George Malczynski's picture

I switched from Nikon to Sony. While I appreciate the massive leap in video tech, I miss the Nikon ergonomics and menus, I was really used to them.

Neale Smith's picture

Looks like 24MP to me via the EXIF? Could be wrong?

Abi Boentaran's picture

I want to transition to mirrorless...but these newer top of the line bodies are just as big as dslr..what is the point...especially I do tons of long exposure and to add a battery grip to the R is just as big and heavy..the top of the line R L lens are also ancient canon 6d and 11mm Zoom which there is no other equivalent..can go all day with 2 battery long exposure dawn and dusk landscape..without battery grip...didnt canon promise smaller bodies when all the hoopla regarding the R cameras...maybe if they can equal my 6d in ters of battery longevity and 10mm L zoom..I will switch...

Matt Williams's picture

There are literally dozens of mirrorless options that are nowhere near the size of DSLRs. Almost all of them are much smaller than a DSLR. But cameras like the Canon R3 and upcoming Nikon Z9 are aimed at users coming from 1DX Canons or Nikon D5/D6, which have integrated grips.

Pick up a Canon R6 and tell me it's just as big as a Canon 6D.

I do agree that the RF lenses, overall, are huge since Canon decided to massively prioritize ultra-expensive, f/1.2 lenses first before releasing affordable f/1.4 or f/1.8 primes. Their entire release strategy was a mess, given that their debut body (and the body after that) were prosumer (at best). But hey, Canon dominates the market seemingly no matter what they do, so I'm not really in a position to say that they did something wrong.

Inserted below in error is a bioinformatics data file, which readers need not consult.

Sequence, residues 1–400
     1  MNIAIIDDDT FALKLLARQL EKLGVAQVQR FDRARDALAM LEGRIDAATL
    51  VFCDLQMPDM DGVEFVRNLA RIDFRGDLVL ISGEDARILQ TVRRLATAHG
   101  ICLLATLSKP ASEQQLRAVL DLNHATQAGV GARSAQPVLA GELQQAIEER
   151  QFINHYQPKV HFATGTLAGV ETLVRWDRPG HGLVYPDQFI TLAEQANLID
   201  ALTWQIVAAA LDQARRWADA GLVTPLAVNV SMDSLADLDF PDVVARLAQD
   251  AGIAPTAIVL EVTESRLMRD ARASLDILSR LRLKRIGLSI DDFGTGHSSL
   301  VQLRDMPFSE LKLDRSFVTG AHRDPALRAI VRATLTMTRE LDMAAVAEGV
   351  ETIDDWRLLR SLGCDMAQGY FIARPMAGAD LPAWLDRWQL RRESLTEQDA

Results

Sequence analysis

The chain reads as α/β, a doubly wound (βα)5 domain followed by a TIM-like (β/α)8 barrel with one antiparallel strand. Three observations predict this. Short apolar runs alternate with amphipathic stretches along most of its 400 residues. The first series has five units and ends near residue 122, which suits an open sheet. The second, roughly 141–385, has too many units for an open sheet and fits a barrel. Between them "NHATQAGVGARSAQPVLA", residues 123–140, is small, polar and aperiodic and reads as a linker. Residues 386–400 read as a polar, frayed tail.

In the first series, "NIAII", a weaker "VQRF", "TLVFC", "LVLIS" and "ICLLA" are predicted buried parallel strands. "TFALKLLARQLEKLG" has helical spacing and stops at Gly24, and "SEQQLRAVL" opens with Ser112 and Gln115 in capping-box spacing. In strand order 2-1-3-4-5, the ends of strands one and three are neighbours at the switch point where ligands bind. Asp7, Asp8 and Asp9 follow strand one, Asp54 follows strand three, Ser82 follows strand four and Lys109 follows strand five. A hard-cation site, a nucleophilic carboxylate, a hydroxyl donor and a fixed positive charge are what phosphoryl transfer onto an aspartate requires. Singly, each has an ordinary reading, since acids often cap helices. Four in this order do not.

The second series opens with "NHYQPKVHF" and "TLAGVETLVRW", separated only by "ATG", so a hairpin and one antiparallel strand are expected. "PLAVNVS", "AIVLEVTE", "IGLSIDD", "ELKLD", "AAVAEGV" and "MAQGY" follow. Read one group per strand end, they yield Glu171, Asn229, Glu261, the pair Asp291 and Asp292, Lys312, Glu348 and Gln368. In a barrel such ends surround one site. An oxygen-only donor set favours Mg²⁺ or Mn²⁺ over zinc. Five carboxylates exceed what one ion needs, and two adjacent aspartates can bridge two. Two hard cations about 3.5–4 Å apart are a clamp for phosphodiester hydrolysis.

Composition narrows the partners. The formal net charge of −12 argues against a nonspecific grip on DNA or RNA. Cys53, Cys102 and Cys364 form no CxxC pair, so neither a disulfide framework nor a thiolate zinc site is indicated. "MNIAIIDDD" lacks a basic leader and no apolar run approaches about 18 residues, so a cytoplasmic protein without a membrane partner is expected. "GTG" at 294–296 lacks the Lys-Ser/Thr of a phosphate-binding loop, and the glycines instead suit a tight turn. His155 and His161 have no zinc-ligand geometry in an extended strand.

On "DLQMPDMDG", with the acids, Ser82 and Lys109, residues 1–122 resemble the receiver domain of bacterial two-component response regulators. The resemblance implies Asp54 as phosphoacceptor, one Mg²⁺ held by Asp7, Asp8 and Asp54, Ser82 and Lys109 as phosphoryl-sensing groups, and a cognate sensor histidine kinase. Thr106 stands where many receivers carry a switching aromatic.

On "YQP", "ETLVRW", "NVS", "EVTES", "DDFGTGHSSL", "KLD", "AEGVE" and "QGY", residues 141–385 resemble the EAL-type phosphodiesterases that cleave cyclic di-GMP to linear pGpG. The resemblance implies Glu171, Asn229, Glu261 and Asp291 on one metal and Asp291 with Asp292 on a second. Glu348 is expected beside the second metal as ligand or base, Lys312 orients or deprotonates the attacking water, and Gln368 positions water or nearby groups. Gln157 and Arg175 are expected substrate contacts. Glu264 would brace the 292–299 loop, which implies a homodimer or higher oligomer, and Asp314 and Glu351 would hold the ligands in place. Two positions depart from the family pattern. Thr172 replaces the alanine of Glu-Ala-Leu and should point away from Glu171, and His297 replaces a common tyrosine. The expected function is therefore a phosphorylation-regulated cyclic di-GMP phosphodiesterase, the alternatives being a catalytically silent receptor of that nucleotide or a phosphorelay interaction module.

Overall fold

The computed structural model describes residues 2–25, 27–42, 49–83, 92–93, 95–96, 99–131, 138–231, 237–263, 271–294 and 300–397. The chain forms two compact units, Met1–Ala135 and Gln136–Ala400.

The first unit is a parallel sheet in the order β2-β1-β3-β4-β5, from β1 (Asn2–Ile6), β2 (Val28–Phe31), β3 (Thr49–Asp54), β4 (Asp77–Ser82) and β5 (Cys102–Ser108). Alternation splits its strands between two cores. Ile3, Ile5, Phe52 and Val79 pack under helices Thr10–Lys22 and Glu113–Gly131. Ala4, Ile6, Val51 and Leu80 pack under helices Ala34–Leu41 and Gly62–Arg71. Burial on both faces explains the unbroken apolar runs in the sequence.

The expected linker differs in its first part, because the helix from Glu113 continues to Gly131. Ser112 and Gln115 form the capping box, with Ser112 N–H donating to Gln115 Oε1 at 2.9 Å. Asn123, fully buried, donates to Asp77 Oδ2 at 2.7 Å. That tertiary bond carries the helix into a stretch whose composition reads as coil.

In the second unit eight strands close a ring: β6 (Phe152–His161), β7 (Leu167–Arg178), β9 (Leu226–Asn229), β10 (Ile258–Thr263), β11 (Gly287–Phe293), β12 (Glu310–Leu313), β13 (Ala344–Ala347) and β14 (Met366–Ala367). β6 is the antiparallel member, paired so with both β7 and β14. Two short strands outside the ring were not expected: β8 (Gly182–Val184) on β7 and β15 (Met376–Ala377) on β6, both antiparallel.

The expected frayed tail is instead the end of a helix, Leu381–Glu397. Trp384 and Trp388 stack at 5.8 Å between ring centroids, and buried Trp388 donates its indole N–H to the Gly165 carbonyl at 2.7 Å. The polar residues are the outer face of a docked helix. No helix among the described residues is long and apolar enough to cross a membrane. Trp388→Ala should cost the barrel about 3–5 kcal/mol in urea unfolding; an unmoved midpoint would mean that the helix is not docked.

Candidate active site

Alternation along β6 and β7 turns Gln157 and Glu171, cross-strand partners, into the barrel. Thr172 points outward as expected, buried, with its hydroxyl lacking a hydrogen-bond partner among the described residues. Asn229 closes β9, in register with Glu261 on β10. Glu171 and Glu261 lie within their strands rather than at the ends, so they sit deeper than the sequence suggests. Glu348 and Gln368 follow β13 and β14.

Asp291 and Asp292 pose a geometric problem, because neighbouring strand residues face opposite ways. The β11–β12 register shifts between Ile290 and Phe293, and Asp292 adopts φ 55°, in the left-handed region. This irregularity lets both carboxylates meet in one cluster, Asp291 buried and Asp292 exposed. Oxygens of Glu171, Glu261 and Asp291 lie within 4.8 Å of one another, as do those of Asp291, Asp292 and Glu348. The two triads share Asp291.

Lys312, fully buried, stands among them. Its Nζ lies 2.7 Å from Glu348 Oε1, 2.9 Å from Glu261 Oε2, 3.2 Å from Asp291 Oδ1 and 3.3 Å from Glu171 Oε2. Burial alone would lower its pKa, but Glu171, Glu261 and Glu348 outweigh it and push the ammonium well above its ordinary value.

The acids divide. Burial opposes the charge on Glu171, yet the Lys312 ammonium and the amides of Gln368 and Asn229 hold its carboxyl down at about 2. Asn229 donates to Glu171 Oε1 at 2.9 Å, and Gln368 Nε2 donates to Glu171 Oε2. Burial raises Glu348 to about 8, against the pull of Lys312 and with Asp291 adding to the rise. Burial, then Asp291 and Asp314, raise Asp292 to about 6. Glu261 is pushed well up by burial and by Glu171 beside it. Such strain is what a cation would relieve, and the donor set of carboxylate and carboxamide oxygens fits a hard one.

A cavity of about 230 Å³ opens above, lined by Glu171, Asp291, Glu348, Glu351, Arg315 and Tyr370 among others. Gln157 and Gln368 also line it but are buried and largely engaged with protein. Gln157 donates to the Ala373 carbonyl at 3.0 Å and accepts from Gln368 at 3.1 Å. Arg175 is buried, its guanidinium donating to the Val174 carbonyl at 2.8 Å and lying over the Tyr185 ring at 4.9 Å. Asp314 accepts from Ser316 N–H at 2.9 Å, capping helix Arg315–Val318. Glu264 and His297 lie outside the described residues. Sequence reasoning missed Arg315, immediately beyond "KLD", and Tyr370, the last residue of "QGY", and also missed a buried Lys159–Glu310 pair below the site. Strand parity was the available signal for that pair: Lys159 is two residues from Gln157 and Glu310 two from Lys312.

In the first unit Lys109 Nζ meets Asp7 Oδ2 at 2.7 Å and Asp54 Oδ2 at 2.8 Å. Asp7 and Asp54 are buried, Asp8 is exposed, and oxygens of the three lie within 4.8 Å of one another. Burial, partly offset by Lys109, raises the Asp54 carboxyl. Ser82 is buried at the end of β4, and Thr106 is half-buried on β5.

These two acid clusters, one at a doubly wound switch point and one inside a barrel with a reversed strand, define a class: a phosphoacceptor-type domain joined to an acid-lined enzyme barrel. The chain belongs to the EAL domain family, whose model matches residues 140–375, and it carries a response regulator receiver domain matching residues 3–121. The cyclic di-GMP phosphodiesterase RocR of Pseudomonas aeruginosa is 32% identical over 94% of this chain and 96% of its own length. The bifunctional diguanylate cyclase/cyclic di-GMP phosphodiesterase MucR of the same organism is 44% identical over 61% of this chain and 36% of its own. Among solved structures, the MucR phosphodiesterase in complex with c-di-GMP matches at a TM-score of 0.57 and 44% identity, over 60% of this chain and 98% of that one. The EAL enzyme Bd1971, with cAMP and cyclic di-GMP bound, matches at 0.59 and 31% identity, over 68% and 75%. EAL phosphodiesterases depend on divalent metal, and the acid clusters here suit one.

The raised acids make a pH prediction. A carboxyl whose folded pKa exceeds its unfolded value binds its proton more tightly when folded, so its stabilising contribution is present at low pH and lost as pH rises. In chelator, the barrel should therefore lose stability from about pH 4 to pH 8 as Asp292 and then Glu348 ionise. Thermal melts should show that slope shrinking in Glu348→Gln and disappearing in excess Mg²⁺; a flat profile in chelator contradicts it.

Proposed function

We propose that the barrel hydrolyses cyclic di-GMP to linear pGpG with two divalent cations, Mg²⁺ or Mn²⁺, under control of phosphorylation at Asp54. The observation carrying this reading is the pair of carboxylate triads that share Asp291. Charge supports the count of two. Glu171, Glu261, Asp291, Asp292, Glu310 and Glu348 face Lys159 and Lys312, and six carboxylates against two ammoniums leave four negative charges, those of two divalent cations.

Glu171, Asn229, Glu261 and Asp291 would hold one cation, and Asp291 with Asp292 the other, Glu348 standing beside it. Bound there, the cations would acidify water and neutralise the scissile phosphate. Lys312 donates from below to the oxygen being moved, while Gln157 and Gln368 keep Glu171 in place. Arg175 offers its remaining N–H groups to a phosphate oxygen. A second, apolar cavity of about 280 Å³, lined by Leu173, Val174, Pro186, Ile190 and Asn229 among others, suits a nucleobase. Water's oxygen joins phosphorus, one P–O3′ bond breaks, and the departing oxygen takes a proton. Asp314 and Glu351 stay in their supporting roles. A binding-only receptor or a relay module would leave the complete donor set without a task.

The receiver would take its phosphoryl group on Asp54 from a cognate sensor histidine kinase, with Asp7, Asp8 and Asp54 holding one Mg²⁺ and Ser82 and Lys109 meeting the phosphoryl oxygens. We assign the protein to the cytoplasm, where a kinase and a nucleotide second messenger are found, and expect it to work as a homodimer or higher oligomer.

Robert McCaslan's picture

For your shooting style, you may be better off sticking with DSLRs.

Anyway, I missed the memo where Canon promised smaller. Although the bodies are smaller, I think that Canon promised better performance, albeit at the increased size of some of its lenses.

The big benefit to mirrorless is elimination of many (most?) of DSLR mechanical subsystems replacing them with electronics. This results in significantly smaller bodies and enhanced durability at the expense of battery life. Every Canon R release is smaller than its DSLR predecessor. However, unless you need super fast, full frame AF, mirrorless doesn't offer you much.

That may be the reason why Canon went all in on releasing great new lenses at the expense of size. Although those 1.2 primes are huge (every time I attach my 85 1.2, I console myself by saying "at least it's not a Sigma 105!"). That RF 28-70 f/2 lens could also serve as a boat anchor. The saving grace are the (other) amazing L RF lenses, which are either significantly smaller (I love my ultra-compact 70-200 f/2.8), or have enhanced functionality (15-35 rather than 16-35, or a 100-500 rather than 100-400). Rather than size, my biggest complaint is the massive vignetting that afflicts most RF lenses. With the new bigger mount, I thought that vignetting would be the least of my concerns.

Thus, be happy. Unless there is some "must-have" lens in RF, stick with DSLRs. For anyone who doesn't need the improved AF, there are few benefits to switching, so don't.

Shang-Hsien Yang's picture

Can't wait to see the review of the eye contol feature.

Bert McLendon's picture

What if this is just the "crop mode" that allows for the full 30fps. If so, what would the non 30fps/non cropped mode be with these numbers?